On the Blogs: FirstEnergy’s Double Standard FacebookTwitterLinkedInEmailPrint分享Dennis Wamsted at WamstedOnEnergy:These two aging facilities—the Sammis plant’s newest unit is 45 years old while the oldest is 57; the Davis-Besse facility is 39 years old but it has a history of serious maintenance problems—have been battered by the drop in natural gas prices, the influx of new wind and solar generation, and the continued stagnation in overall electricity demand. The battering has been so bad that they essentially can’t compete in the current market, and FirstEnergy is asking state regulators to bail them out while hitting customers with new monthly charges that could run into the billions of dollars over the coming eight years.In its pleadings with the Ohio PUC, FirstEnergy has said the bailout is essential to keep the plants operating, and that the plants, in turn, are needed to maintain reliable, affordable electric supplies in the state—in other words, could I get a little re-regulation here, please.In defending the company’s proposal, Doug Colafella, a FirstEnergy spokesman, told the Toledo Blade: “We like to think of it as an insurance policy against volatility and the future uncertainty of the marketplace. It’s a concept we think will benefit customers because it considers the long-term volatility of the marketplace.”That doesn’t sound at all like the pro-competition track laid down by former CEO Alexander (Remember, “competitive markets, over time, will produce the lowest prices for customers.”) or the pro-competition testimony offered just months ago in Maryland regarding renewables (Remember, “competitive markets, not regulatory mandates, provide the most economical solution….”).Well, the competitive markets have spoken in Ohio (and the broader PJM territory in which FirstEnergy’s generating units operate), and Sammis and Davis-Besse simply can’t compete. This point was driven home by PJM itself in a recent report: “The simple fact that a generating facility cannot earn sufficient market revenue to cover its going-forward costs does not reasonably lead to the conclusion that wholesale markets are flawed,” PJM wrote. “More likely, it demonstrates that the generating facility is uneconomic.”It’s time for FirstEnergy to stand by its competitive mantra and close those two plants, not seek to soak its customers for billions for plants that are no longer economic.Full item: FirstEnergy Fails the Test on Utility Competition With Its Bailout Bid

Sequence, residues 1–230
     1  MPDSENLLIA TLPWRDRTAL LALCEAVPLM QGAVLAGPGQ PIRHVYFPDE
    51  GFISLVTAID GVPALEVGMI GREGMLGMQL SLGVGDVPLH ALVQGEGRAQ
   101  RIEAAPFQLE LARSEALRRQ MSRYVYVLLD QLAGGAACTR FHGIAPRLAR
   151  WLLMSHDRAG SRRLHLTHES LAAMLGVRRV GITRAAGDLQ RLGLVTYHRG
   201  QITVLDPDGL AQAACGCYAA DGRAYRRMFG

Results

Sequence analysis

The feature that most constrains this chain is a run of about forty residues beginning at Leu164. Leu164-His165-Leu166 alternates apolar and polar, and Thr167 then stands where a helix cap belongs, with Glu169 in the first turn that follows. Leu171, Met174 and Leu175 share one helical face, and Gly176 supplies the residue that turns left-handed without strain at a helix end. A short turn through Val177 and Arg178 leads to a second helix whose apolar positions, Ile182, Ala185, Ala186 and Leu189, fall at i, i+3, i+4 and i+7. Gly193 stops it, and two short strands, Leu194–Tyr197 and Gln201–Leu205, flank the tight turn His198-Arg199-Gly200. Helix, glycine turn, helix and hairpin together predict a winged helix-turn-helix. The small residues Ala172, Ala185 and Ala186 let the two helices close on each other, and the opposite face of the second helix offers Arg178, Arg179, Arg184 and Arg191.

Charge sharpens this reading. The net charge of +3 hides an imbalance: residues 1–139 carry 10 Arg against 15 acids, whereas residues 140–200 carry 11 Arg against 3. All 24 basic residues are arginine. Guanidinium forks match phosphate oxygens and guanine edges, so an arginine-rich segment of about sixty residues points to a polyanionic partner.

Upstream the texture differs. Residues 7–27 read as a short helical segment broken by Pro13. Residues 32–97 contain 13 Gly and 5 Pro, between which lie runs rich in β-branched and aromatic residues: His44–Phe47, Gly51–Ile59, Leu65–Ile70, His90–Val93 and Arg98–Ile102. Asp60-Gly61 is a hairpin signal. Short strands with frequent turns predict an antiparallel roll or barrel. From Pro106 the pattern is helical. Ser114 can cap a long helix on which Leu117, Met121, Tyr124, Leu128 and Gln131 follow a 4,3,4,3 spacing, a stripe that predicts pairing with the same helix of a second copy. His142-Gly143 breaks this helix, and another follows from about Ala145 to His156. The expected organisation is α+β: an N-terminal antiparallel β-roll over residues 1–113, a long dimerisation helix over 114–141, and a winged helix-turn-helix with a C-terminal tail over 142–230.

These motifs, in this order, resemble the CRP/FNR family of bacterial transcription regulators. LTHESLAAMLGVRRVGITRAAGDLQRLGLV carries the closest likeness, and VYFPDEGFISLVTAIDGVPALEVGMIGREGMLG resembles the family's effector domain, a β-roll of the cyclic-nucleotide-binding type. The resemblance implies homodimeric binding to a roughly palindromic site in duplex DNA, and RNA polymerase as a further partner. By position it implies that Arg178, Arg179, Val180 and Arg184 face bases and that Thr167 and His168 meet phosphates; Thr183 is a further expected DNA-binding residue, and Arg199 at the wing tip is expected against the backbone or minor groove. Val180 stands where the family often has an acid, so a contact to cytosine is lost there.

GLENDORA – It wasn’t its time, but is not far off. The Tartans dropped a 3-1 decision to Buena High, the fourth-ranked team in the nation, on Tuesday in the second round of the CIF-Southern Section Section Division I playoffs. The Tartans (14-9-3) in what coach said was the school’s first playoff victory last Friday, and they stood toe to toe with the Bulldogs (26-3-2). Buena’s Emily Cressy scored 30 minutes into the game. Five minutes later, Sidney Garza converted a rebound off the hands of Tartans goalie Lauren Acosta, who had six saves. Cressy’s third goal just two minutes into the second half gave the Bulldogs plenty of breathing room, but Glendora refused to lay down. Sophomore Aissa Sanchez scored an unassisted goal in the middle of the second half for the Tartans. Sanchez, a cross country standout, said she was excited at the progress Rizzon’s program has made. “I’m not sad because this is great experience for the future,” she said. “I am really glad we got this far, and to score a goal against a team that doesn’t give up many is a real special thing.” Rizzon, in his third year at Glendora, has put together a program that opposing coaches say is the fastest-rising in the Valley. “If we had to lose, this was the way it should be,” he said. “They are a better team, but I am proud of my girls for playing hard the entire game on their level.” Glendora High School’s girl soccer team defeated Harvard-Westlake 1-0 Paolo Rizzon Junior Daelyn Paul scored a goal and had an assist, but St. Lucy’s suffered a 3-2 overtime defeat to Long Beach Wilson in another Division I game. The Bruins (19-3-5) scored in the last minute of regulation to send the game to overtime. “We worked so hard and played so well, and to lose it like this is pretty devastating,” Paul said. “I am really proud of all my teammates.” St. Lucy’s ended its season at 14-9-5. 160Want local news?Sign up for the Localist and stay informed Something went wrong. Please try again.subscribeCongratulations! You’re all set!